#########################
#
# File: 20111011.R
#
# Generalized Linear Models (Gaussian)
#
#########################
# Preamble
library(RFS)
#
# New data file :
# 2008 presidential elections data for Colorado
# Read in data
elxn <- read.csv("http://courses.kvasaheim.com/pols6123/data/co2008pres2.csv")
attach(elxn)
names(elxn)
summary(elxn)
# Plot to get a feel for the relationship (cor only returns linear correlation)
plot(pMcCain,pSpoiled)
# We are going to test the Colorado election for a specific type of
# electoral fraud. *IF* an election is free and fair, then each person's
# vote counts the same. This is equivalent to saying that the probability
# of a person's vote being rejected is independent of several different
# covariates. Such covariates include demographic features (age, gender,
# ethnicity) as well as whom the person voted for. Here, we test if the
# probability of a person's vote being rejected is independent of the
# candidate voted for.
# The term "independent of" indicates we need to perform an independence
# test. For two continuous variables, we might think that we could use a
# correlation test. However, recall that independent covariates have a zero
# correlation, BUT the converse is not necessarily true.
# In addition to the logic issues using correlation to test independence,
# it is well neigh impossible to perform the test when there are control
# variables present or when the two variables are not Normally distributed.
# Thus, we will perform linear regression.
# The plot again, but improved (not for publication)
plot(pMcCain,pSpoiled, pch=16, las=1, xlim=c(0,1), ylim=c(0,0.05) )
# So, we will perform linear regression as we have before
m1 <- lm(pSpoiled ~ pMcCain)
summary(m1)
# Whoops, the dependent variable is bounded, so we transform it
m2 <- lm( logit(pSpoiled) ~ pMcCain)
summary(m2)
# plot prediction curve
newM <- seq(0:1, length=100)
pr <- predict(m2, newdata=data.frame(pMcCain=newM) )
pr <- logistic(pr)
lines(newM, pr, col=2, lwd=2, lty=2)
# Notice that none of this is new
# Now, let us use GLMs instead of CLMs to fit the model
m3 <- glm( pSpoiled ~ pMcCain, family=gaussian(link=identity) )
summary(m3)
summary(m1) # Compare the results
# Note that the two models m1 and m3 are equivalent. This is true since
# GLMs and CLMs are equivalent when using the Gaussian (Normal) distribution
# and the canonical link (identity).
# As before, we note the dependent variable is bounded, so we transform
# it using the logit function
m4 <- glm( logit(pSpoiled) ~ pMcCain, family=gaussian(link=identity) )
summary(m4)
summary(m2) # Compare the results
# Again, note that the two models m2 and m4 are equivalent. This is true since
# GLMs and CLMs are equivalent when using the Gaussian (Normal) distribution
# and the canonical link (identity).
# An alternate (and very appropriate) model for fitting the data (and
# testing the hypothesis) is to use the logit as the link function
m5 <- glm( pSpoiled ~ pMcCain, family=gaussian( link=make.link("logit") ) )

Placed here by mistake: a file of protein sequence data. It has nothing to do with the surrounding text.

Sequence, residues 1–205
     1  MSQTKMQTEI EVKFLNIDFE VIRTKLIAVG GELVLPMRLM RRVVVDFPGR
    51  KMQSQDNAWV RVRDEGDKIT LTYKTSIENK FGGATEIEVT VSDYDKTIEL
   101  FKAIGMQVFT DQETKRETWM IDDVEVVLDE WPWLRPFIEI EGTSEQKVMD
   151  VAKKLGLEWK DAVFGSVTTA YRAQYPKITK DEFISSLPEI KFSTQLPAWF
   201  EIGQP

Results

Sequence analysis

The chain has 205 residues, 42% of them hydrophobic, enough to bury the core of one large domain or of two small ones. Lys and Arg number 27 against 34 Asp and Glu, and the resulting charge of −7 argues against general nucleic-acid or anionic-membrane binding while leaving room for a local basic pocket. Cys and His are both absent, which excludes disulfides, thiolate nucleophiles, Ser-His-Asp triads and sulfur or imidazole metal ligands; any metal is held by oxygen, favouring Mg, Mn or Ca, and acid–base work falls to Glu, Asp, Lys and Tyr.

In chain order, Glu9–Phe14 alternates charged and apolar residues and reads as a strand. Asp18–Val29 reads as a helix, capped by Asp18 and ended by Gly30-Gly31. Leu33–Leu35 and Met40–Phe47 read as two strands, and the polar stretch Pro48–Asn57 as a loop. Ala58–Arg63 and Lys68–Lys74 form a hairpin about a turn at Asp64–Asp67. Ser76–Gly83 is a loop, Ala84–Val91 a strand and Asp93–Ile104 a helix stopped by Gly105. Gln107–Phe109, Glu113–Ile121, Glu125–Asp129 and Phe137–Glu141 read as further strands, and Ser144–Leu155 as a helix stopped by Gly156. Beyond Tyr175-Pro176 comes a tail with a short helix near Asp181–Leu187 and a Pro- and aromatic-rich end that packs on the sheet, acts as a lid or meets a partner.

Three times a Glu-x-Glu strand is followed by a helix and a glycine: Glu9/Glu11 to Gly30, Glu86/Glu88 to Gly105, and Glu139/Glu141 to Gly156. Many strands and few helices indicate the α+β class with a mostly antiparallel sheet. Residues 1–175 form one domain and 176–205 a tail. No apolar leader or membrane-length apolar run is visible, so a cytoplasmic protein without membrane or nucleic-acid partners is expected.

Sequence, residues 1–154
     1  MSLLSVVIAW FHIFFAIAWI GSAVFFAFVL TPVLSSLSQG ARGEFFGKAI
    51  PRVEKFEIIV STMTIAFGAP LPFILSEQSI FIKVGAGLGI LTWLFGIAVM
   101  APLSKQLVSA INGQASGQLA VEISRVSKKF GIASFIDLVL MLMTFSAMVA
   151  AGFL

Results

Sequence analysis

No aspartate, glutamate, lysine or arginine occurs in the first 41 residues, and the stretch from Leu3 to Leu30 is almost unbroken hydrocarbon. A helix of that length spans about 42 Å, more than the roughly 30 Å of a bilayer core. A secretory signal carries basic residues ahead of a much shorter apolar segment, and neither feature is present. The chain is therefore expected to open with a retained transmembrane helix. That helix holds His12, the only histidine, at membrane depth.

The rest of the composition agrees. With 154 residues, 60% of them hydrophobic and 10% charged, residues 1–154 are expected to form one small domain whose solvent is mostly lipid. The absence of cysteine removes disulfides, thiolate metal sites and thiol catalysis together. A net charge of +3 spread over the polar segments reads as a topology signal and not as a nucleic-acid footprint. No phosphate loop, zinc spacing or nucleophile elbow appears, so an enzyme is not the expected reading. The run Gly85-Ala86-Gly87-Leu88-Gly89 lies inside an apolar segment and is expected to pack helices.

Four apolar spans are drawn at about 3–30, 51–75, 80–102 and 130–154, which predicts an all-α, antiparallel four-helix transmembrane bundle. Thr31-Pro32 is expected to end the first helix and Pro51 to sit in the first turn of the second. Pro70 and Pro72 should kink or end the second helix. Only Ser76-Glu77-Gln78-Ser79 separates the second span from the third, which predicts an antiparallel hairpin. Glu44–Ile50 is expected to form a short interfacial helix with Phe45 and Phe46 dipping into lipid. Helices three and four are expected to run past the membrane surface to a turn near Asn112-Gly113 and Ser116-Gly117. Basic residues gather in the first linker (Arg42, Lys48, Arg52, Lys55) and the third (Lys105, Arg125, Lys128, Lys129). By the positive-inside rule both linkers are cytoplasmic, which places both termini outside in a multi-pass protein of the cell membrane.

summary(m5)
summary(m2) # Compare the results
# Note that the results between these two models are not the same. We should
# not expect them to be equivalent, since we are not using the canonical link
# with a Gaussian distribution.
##################################################
# Let's do this analysis on another election dataset (with some quirks)
# The South Sudan unity referendum of January 2011
# Read in the data
ssd <- read.csv("http://courses.kvasaheim.com/pols6123/data/xsd2011referendum.csv")
attach(ssd)
names(ssd)
summary(ssd)
# Create the proportion variables
pInv <- Invalid/Votes
pSec <- Secession/(Votes-Invalid-Blank) # This is a change! Elections theory demands it
# Feel the data
plot(pSec, pInv, pch=16, col=2) # Not for publication (Why?)
# Our first model
s1 <- glm(pInv ~ pSec, family=gaussian(link=identity))
summary(s1)
# Whoops! We should not have done that, since we need to transform the dep var
s2 <- glm( logit(pInv) ~ pSec, family=gaussian(link=identity))
s3 <- glm( pInv ~ pSec, family=gaussian(link=make.link("logit")))
# Oh bother! An error message. This happened because I had proportions equal to 0 or
# to 1. The logit has a domain of 0 < p < 1, which does not include 0 or 1. So, we
# MUST remove the counties that had no invalid votes
d <- which(pInv == 0) # The identity of the zero-invalid counties
pInv <- pInv[-d] # Remove those counties from pInv
pSec <- pSec[-d] # Remove those counties from pSec
# They must be removed from BOTH variables because regression is based on the
# assumption that the data points have a meaning, that is, you remove a record
# (county), not just a value in a record.
# Let's try fitting again.
s2 <- glm( logit(pInv) ~ pSec, family=gaussian(link=identity))
s3 <- glm( pInv ~ pSec, family=gaussian(link=make.link("logit")))
summary(s2)
summary(s3)
# There is no way we can determine which of the two models is correct. They
# are not equivalent, but they are both appropriate when either is appropriate.
# Prediction curves
newS <- seq(0,1, length=1000)
pr2 <- predict(s2, newdata=data.frame(pSec=newS))
pr3 <- predict(s3, newdata=data.frame(pSec=newS))
pr2 <- logistic(pr2) # Remember to back-transform!
pr3 <- logistic(pr3) # Remember to back-transform!
par(mar=c(4,4,1,1)+0.1)
plot(pSec, pInv, pch=16, col=2, las=1, xlim=c(0,1), ylim=c(0,0.1),
xlab="Proportion of Vote in Favor of Secession", ylab="Proportion of the Vote Invalidated")
lines(newS,pr2, col=2, lwd=2)
lines(newS,pr3, col=3, lwd=2)
legend("bottomleft",bty="n", lwd=2, col=c(2,3), c("Link: Identity","Link: Logit") )
###
# Now, the interesting thing is that we can use additional information to determine
# where the vote was unfair. We will use that in a future class (or assignment). But,
# until then, see if you can color the dots differently depending on whether the
# county is North, South, or OCV.
#
# Then, see if you can run individual regressions on the three regions.